13.08.201384Scarce Copper, Lycaenae vigaureaeVal di Riva, Alto Adige, Italy
16.08.201385Ottoman brassy RingletMonte Altissimo, Trentino, Italy
18.08.201386Knapweed FritillaryVal di Peio, Trentino
18.08.201387Water RingletVal di Peio, Trentino
18.08.201388Common Brassy RingletVal di Peio, Trentino
18.08.201389Mountain RingletVal di Peio, Trentino
18.08.201390Mnestra's RingletVal di Peio, Trentino
18.08.201391Mountain FritillaryVal di Peio, Trentino
18.08.201392Marsh FritillaryVal di Peio, Trentino
18.08.201393Titania's FritillaryVal di Peio, Trentino
02.09.201394HermitCostacciaro, Umbria
03.09.201395Lang's Short-tailed BlueCostacciaro, Umbria

 Excursion Notes 2013
(I was rather late in the year starting this page and haven't added as many photos to the text as I would have liked. However, I hope readers find the entries interesting).

March 2nd Pomarolo, Pedersano, Servis, Castel Barco. The first warm, spring-like day of the year. Sightings: Large Tortoiseshell, Red Admiral, Small Tortoiseshell, Nettle-tree Butterfly

March 23rd Pomarolo. View of the old castle 'Castel Barco'. Still very wintery. Sightings: Large Tortoiseshell, Comma, Nettle-tree Butterfly  (but couldn't get better photo.)

April 1st  Montalcino, Tuscany. Cool, wet weather. The couple of hours that I managed to get out for a walk were very disappointing, with only a few Holly Blues about.

April 6th  Isera and Servis, Sunny morning. Holly Blues, Large Tortoiseshells, Green-veined Whites and this caterpillar.

April 13th  Pedersano. Finally, a warm sunny day after lots of rain. After walking through acres of vineyards, I came to a little hillock overlooking the main valley. A beautiful spot, with 4 or 5 Large Tortoiseshells basking in the sun, a Red Admiral a little further away and two Scarce SwallowtaiIs battling for their territory  and the command of a bush. After a few minutes a Swallowtail appeared and joined in the fight, eventually sending the two Scarce Swallowtails away and claiming the bush for himself.  And … for a split second, I thought I saw a Camberwell Beauty fly past, but despite searching nearby and patiently waiting for a return fly-past, I have no confirmation of the sighting. So far, I have never definitely seen a Camberwell Beauty in our local area.  (Guy Padfield : how do you get them to fly down at you!!) The Large Tortoiseshells occasionally flew up to feed on the sticky buds of this tree (White willow - salix alba?).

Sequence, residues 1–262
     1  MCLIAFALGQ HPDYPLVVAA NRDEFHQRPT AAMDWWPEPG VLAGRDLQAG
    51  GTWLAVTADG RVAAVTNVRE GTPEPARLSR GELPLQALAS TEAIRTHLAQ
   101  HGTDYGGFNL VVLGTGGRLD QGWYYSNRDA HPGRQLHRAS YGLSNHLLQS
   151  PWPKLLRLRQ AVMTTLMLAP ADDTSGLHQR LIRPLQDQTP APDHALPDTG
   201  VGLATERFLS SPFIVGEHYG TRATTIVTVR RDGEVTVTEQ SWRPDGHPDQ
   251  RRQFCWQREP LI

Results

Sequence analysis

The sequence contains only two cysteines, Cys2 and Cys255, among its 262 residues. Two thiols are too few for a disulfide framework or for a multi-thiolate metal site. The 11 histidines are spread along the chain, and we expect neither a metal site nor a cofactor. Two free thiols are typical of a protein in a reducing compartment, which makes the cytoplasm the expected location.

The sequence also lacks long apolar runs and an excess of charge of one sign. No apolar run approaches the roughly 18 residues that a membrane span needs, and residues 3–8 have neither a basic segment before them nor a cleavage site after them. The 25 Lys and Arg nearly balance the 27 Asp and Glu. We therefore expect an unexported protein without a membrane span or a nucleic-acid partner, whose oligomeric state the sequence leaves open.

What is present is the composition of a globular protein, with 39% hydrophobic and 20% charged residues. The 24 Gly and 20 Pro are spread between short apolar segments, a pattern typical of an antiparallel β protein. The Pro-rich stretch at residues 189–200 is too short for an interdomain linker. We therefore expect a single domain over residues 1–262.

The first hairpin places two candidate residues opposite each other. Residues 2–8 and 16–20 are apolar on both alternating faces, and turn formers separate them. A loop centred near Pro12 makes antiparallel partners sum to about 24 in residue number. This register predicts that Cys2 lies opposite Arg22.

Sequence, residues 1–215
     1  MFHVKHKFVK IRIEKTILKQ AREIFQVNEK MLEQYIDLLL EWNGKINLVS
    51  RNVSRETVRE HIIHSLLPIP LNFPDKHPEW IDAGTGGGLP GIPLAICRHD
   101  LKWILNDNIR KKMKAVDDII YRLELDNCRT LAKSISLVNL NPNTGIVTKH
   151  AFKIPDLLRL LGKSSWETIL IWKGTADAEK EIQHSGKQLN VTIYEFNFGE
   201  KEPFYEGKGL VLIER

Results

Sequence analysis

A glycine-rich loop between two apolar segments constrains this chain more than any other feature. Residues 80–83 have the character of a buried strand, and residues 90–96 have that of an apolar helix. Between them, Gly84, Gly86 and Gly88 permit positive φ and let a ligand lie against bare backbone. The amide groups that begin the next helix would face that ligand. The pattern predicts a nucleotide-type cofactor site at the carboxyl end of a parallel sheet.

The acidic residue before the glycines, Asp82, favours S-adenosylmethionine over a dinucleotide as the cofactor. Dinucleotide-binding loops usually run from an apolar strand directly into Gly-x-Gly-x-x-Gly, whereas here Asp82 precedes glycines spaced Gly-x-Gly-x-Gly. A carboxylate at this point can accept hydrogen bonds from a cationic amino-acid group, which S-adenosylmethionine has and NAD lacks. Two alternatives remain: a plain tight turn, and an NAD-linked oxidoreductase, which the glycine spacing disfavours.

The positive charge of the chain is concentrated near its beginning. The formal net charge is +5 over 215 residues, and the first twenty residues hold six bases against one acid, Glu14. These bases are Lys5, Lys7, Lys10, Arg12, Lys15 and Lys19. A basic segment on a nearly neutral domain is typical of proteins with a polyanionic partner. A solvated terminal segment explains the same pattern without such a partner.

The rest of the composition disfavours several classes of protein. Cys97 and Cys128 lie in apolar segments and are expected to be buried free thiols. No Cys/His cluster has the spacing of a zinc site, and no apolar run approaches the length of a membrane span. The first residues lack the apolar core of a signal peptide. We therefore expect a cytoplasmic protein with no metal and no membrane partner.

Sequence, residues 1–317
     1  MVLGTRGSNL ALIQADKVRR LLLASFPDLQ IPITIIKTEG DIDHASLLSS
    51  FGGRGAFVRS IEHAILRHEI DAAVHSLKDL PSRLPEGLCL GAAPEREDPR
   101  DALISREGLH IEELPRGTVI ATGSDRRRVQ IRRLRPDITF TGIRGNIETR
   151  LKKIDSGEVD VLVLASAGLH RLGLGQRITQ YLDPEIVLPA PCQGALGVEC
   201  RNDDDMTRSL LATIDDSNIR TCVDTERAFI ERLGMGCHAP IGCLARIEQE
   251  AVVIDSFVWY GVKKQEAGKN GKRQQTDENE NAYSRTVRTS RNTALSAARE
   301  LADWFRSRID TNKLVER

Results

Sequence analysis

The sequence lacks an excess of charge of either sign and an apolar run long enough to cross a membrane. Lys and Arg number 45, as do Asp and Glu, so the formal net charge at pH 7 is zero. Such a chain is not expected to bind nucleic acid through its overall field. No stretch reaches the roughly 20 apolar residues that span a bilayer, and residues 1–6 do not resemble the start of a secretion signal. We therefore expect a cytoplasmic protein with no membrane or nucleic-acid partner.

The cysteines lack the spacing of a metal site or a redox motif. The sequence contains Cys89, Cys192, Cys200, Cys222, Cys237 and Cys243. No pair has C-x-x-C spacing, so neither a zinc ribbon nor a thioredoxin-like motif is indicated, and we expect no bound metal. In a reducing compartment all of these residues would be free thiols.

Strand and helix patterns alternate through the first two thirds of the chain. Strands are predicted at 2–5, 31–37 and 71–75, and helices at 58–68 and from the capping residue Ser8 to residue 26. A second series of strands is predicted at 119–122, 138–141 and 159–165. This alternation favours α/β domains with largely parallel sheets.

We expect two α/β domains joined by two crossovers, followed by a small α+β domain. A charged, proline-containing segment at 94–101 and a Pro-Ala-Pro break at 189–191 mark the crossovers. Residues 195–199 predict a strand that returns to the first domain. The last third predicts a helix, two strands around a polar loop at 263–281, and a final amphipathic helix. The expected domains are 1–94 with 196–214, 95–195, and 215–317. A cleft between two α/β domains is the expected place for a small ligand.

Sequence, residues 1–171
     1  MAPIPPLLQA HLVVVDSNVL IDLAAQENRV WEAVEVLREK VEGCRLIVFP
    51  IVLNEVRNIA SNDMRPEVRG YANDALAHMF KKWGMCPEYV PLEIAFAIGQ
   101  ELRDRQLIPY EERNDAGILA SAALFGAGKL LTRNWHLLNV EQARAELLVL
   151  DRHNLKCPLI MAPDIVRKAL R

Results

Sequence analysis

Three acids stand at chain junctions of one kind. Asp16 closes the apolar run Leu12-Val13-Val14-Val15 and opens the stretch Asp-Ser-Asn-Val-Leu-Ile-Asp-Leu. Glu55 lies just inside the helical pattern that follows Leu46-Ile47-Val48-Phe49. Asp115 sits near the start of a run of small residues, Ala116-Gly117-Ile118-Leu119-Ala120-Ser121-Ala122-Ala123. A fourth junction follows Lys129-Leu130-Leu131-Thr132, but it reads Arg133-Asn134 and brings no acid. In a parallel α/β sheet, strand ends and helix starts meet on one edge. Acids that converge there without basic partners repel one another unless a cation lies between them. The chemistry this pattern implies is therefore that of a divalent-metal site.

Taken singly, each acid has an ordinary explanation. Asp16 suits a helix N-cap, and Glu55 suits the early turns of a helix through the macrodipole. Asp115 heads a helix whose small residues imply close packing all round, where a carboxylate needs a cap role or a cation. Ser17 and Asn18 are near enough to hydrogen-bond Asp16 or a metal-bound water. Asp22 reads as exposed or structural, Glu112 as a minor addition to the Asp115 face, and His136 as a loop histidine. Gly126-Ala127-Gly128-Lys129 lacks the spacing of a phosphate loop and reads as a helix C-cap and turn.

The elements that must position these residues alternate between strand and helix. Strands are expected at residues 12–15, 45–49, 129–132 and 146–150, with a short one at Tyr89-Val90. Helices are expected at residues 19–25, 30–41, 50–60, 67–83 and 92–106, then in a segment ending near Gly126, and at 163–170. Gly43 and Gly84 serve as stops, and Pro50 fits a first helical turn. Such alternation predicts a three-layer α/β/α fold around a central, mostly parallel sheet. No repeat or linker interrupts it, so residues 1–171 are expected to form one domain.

April 28th  Rainy morning, but got out for a walk when it stopped. As the moisture was forming low mist and clouds which were slowly rising up the mountain, I decided to drive up to 900 m to get above the clouds. Here is the view.  I was looking for Green Hairstreaks and, sure enough, there were some about. (see main web page for photos). A nice surprise on the way down, as the weather was brightening up (view),  -  the first Glanville Fritillary of the year.

May 4th Still very wet everywhere around, but a pleasant morning on the local mounain-side (photo). As happens every year at this time, there are lots of large reddy-brown moths flying about in the woods. They always fly in a haphazard, unpredictable way and never ever seem to stop or rest and I have never been able to identify them. This year I decided to try to make a special effort to get photos of them , but, because their flight is so jittery and unpredictable, it took me ages before I got a decent (blurred) photo that I could enlarge and identify. The moth (at the bottom centre of the photo), as I suspected,  was a Tau Emperor. I hope to get better pictures at some stage. (See 12th May)

May 9th Walk around Lago San Colombano. Nice warm day. Lots about: Speckled Woods (see main web-page for photo), Small Blues (nmain web-page), Chequered Blues, Orange Tips.

May 11th It rained all morning and most of the afternoon, but when the sun came out at about 5.30, I decided to go for a late-afternoon walk in the meadows in Servis (photo). Two grassy meadows had nothing, but another nearby was full of Blues of various kinds, with several newly-emerged Green-underside Blues. I also found a sole Swallowtail resting peacefully high up on a blade of grass, willing to pose for some photos. (See main web-pages for photos of species mentioned).

May 12th A walk to the same area as on 4th May. This time I was lucky enough to see a Tau Emperor moth settle on a plant, where it stayed long enough to get some good photos of it!(Here and here). A beautifully-coloured day-flying moth!

May 18th  A trip to Moietto at 1,300m asl, with the aim of finding some Duke of Burgundy Fritillaries, but with the cool weather and rain, everything was very wet and there was absolutely nothing of interest about. Decided to come down the mountain a bit (photo), where there were a few things flying in a grassy meadow, including some Chequered Blues and this Pale Clouded Yellow (see main page). A bit further along the path, a nice encounter and photo shoot with this metre-long colubro (Biacco "carbonarius") snake. No Duke of Burgundies, though.  Shortly after, it began to rain … again!

May 26th  Walked on local mountain. A sunny but very cool morning. Just 32 hours before it had snowed down to about 1000m (the mountain in the background in this photo was all white, not just the peak)  and the previous afternoon it had rained heavily.  I started off in Servis, which is about 600m asl. Here is a photo of the area.  There were Wood Whites, Green- underside blues (photo), Common Blues, and one Adonis Blue about, plus the first appearance this year of a Spotted Fritillary. There was this caterpillar feeding on hazel nut. (photo)I followed footpaths up through the woods to Cimana (1,200m asl), but it was not particularly pleasant in the meadows on top, as the clouds were now building up and there was a cold wind (photo). The only butterflies flying were Grizzled Skippers. Further down, the sun came out and there were many more about; several Chequered Blues, lots of Red Admirals (photo), several Pearl-Bordered Fritillaries, a Pale Clouded Yellow, which never stopped for me to get a photo and finally, as I was walking back to the car, the first Duke of Burgundy Fritillary of the year (photo).